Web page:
Ryan asked if the health board had the authority to enforce regulations without a governing body and Commissioner Joe Briggs said, “we don’t really know.”
Under the state law and the current joint agreement, the basic operation of the CCHD remains unchanged and the governing body would formally employ the health officer, formally adopt wastewater regulations as proposed by the health board; and would conduct a public hearing, seek public comment and be able to amend, rescind or otherwise change any directive, mandate or order issued by the health board in response to an emergency/disaster declaration from the governor.
Briggs said that the larger discussion about the management of CCHD is the funding.
He’s brought up the issue multiple times over the last year and said that the county funds the majority of the health department to the tune of about $1.5 million. from its rural mills.
The city contributes $250,000 annually.
Briggs brought up funding during a June 2021 joint city-county meeting about CCHD and city officials said that the city funds the majority of the Great Falls Public Library and the 911 dispatch center, both of which are joint city-county operations.
City Commissioner Joe McKenney has been meeting with Briggs for months about the governing body agreement and told The Electric on June 21 that he and city officials have told the county multiple times that they’re willing to discuss the funding issues, but that it’s not connected to the immediate need of establishing the governing body, which is required under state law.
“They just want to tie those things together. We thought it would be a good ice breaker to take care of this very simple agreement and then move on to the harder ones,” McKenney said. “We want to talk about [the funding issues]. We just wanted to do the easy one first, build good faith, then tackle the hard ones.”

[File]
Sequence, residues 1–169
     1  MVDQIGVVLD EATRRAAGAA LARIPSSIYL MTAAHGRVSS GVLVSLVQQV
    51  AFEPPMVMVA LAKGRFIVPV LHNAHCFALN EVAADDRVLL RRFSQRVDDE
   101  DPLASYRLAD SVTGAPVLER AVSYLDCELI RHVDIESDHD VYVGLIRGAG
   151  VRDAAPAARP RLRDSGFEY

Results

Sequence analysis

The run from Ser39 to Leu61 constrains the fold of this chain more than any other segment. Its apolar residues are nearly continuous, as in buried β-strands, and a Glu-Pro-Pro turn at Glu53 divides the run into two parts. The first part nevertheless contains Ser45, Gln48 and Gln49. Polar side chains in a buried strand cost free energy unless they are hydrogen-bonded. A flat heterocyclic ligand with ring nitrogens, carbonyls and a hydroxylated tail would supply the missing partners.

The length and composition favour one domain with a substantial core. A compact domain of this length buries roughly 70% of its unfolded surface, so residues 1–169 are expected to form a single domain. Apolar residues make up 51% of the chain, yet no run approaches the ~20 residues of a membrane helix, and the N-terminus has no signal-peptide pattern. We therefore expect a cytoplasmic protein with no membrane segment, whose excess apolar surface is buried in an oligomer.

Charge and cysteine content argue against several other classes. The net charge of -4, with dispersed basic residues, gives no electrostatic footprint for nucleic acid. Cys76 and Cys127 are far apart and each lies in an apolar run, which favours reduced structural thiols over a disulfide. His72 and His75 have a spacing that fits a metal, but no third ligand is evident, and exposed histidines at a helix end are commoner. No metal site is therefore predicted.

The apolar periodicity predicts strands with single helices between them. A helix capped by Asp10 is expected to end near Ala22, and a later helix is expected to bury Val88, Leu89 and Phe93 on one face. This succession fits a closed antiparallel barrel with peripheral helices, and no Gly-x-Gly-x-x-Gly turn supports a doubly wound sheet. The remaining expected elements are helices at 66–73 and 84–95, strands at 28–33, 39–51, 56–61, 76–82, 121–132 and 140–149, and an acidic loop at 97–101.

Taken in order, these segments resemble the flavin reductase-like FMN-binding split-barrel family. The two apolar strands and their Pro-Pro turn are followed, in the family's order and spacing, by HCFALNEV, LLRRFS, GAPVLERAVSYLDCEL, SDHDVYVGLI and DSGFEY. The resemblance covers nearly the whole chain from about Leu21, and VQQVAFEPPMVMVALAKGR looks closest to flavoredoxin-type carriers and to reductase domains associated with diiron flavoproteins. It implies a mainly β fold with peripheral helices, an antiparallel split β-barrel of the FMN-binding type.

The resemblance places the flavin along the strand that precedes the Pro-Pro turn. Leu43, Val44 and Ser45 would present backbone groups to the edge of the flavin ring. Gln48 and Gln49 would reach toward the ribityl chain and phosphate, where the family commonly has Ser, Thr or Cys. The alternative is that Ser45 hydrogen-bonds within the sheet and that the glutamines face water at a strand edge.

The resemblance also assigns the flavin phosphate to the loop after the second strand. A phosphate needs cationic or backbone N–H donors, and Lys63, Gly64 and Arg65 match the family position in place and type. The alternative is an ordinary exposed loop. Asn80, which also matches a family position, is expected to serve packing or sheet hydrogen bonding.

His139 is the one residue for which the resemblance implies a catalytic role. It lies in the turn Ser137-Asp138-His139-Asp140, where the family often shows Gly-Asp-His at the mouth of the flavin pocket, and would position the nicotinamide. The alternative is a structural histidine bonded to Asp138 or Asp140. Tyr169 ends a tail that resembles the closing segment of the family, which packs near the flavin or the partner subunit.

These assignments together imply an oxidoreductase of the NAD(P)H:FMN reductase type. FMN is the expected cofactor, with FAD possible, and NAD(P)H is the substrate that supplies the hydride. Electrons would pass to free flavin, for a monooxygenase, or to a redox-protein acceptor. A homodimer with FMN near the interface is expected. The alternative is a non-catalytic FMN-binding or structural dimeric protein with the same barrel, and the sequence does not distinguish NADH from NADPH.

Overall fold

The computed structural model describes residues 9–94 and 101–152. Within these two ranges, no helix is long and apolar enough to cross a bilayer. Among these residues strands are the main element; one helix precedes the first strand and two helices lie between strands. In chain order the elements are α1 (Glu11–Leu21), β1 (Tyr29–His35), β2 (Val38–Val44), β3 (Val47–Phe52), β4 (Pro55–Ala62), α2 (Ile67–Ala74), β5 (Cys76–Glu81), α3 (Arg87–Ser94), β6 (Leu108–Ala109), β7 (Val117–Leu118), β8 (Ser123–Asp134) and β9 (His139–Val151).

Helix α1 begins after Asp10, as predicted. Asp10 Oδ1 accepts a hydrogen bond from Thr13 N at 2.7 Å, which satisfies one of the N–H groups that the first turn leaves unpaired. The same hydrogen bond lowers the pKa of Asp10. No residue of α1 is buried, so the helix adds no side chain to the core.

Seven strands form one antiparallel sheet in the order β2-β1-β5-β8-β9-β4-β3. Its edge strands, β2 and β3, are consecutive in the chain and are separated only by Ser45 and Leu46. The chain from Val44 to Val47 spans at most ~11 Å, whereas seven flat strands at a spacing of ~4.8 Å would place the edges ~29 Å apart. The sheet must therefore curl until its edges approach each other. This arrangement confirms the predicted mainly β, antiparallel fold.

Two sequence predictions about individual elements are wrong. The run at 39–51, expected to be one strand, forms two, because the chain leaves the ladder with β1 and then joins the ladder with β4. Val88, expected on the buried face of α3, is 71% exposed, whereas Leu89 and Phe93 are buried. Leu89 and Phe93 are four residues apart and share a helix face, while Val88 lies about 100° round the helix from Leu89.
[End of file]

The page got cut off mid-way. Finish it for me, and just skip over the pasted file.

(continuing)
During the meeting last summer, city officials said they didn’t feel comfortable increasing their contribution without more city oversight of CCHD.
Briggs said at that time he felt the same way about the dispatch center.
In recent year, under the county’s management, CCHD had financial issues after Alluvion Health split from the county.
In late 2019, the county determined that Alluvion owed the county $480,961 in billing revenues, back rent and phones and computers that the county had allowed Alluvion to retain.
Around the same time, the county treasurer’s office also discovered that $580,747.61 meant for the city had been sitting in a fund and hadn’t been distributed to the city since August 2016 from the local option tax vehicle tax for online registration renewals that the county and city split.
Briggs said during the June 15 work session that “the city has been unwilling to have substantive discussions about this.”
He said that he believes the 1975 agreement was designed for equitable cost sharing, though it does not specify those details.
Briggs said the county funds the bulk of CCHD’s budget and that’s “an inequity that in my opinion should not stand. To me, the real issue is the city needs to start paying its fair share of this.”
Briggs said as an example that the fees for restaurant inspections, most of which are in the city, is not enough to cover CCHD’s costs. Those fees are set by the Legislature, he said.
Under state law, the city is required to operate a health department and can do so as a joint venture or on its own.
Briggs said that the joint city-county operation is the best, but that they need to address funding.